I'm trying to understand this article on the latest Vision Mercedes-Maybach 6 Cabriolet and there are some words/phrases I don't quite understand.

  1. Be still my beating wallet.

  2. Cartoonish proportions are backed up by headlights that are no more than slits, and a grille Lady Penelope would be proud of.

  3. Unfortunately it’s just a Vision for now, but nothing about the technology is beyond the realms of possibility. So, let’s hope enough well-heeled and well-lubricated punters at Pebble Beach told Mercedes they wanted to buy one immediately

  4. (Not included in the above webpage) Perfect for the French Riviera, not ideal in your local NCP

I've first looked them up in the dictionary and then I googled all of them. Here is what I could come up with so far:

  1. Be still my beating wallet. : Don't be upset with the price of the car.

  2. The google search taught me Lady Penelope is is a fictional character in a British TV series in the mid-60s. I also found out that she drove FAB 1, which has a front grille similar to the one we see in the 6 cabriolet. So I took them to mean "even Lady Penelope would approve of the front grille of the 6 cabriolet."

  3. I suppose the word "Vision" means two things: the car itself (Vision Mercedes-Maybach 6 Cabriolet) and the future in which new versions of the car will be launched. I don't quite see the logical connection between the first sentence and the second one, so I'm not sure why the author uses So in this context. I understand well-heeled and well-lubricated punters to simply mean "rich people".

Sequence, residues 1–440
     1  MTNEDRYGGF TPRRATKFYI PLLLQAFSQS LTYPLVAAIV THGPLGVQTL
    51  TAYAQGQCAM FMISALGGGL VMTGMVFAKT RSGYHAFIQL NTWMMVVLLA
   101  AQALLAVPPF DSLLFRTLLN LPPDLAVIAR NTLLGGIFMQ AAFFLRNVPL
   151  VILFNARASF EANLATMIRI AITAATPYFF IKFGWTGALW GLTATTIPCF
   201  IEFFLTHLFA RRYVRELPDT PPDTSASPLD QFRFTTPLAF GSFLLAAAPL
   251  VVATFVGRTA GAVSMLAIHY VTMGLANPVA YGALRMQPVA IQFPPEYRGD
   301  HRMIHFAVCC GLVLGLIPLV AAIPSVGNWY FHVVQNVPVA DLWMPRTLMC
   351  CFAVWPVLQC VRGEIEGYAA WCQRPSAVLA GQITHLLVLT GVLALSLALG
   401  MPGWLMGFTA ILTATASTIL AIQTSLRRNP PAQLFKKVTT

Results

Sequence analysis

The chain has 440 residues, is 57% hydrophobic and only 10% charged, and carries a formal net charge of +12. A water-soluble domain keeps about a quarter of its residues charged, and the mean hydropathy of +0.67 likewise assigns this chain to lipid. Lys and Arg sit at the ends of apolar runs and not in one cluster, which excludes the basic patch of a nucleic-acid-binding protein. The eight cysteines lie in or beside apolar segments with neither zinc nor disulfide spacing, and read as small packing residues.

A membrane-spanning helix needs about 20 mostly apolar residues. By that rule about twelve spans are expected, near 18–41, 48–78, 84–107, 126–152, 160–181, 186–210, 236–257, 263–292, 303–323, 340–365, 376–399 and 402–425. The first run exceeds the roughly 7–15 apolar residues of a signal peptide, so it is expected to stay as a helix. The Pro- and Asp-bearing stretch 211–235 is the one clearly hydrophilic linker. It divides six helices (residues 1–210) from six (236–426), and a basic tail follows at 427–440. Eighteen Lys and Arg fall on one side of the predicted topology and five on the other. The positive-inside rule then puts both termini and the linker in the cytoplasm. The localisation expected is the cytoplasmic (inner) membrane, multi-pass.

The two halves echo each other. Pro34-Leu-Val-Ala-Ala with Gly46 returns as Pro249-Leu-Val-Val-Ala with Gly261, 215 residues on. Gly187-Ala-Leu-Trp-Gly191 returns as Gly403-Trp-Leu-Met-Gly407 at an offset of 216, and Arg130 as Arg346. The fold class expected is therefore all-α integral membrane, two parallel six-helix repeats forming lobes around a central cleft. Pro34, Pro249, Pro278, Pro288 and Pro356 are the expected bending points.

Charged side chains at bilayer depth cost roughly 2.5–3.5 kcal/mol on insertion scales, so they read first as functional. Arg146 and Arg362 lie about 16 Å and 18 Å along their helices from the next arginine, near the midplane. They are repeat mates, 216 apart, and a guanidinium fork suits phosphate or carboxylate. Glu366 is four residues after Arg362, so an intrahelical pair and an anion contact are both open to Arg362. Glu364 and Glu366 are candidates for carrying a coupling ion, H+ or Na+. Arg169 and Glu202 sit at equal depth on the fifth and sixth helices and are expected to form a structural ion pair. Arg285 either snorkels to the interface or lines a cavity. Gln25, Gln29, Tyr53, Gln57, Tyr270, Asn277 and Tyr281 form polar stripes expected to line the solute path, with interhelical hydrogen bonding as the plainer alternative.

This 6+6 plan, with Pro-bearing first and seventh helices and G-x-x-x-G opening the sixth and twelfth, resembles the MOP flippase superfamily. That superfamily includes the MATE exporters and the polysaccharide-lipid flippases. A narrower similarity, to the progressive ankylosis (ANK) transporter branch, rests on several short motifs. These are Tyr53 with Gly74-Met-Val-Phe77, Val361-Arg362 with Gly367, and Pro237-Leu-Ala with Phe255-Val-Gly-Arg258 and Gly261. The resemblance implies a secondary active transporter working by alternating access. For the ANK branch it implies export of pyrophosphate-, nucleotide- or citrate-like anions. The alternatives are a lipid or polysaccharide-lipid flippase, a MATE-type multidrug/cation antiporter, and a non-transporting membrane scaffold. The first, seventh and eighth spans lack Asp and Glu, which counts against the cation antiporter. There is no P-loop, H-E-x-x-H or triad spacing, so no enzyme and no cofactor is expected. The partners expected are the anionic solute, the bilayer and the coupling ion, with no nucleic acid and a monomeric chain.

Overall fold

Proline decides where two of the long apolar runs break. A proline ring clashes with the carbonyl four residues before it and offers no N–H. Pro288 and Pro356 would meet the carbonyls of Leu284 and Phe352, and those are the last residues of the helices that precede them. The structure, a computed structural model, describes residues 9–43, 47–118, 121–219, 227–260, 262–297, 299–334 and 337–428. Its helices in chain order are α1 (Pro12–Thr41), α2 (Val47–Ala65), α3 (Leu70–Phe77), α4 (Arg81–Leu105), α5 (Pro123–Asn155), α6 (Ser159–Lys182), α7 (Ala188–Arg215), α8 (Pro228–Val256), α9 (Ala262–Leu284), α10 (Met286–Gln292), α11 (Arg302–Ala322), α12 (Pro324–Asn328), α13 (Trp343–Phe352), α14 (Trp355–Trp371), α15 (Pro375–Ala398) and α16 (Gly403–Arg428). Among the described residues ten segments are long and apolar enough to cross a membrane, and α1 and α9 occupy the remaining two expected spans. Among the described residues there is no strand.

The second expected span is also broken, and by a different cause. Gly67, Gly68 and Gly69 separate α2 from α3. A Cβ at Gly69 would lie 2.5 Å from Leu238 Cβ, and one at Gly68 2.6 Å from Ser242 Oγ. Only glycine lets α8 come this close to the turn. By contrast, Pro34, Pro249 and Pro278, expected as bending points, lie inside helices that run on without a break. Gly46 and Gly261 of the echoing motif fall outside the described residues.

4. I suppose NCP is a bus company so I understand the above to mean "Not ideal for your local bus company", which doesn't quite make sense.

Any suggestions will be greatly appreciated.

Thank you.

  • 1
    "just a Vision for now" means that it hasn't yet been produced for sale--the model shown at Pebble Beach (top U.S. car show) is probably the only one that exists. So (meaning thus), it will be produced if enough people tell Mercedes they're willing to buy one. (I don't know what NCP means--this seems to be British.) Everything else I think you've got right. – Xanne Sep 23 '17 at 6:12

Be still my beating wallet paraphrases - perhaps lampoons - Be still my beating heart, meaning roughly, Wow! That sets my heart pounding but hey! Let’s try to stay calm about it.

Having ridden in the real FAB 1 yes, I promise a grille Lady Penelope would be proud of means she’d not only approve of it, but might well aspire to having one. 
 In just a Vision for now, nothing would change if So was dropped but that the sentence would become the more readily understandible. well-heeled and well-lubricated punters does mean rich people.

In Britain, anyway, NCP stands for National Car Parks; hopefully self-evident. Does that make more sense?

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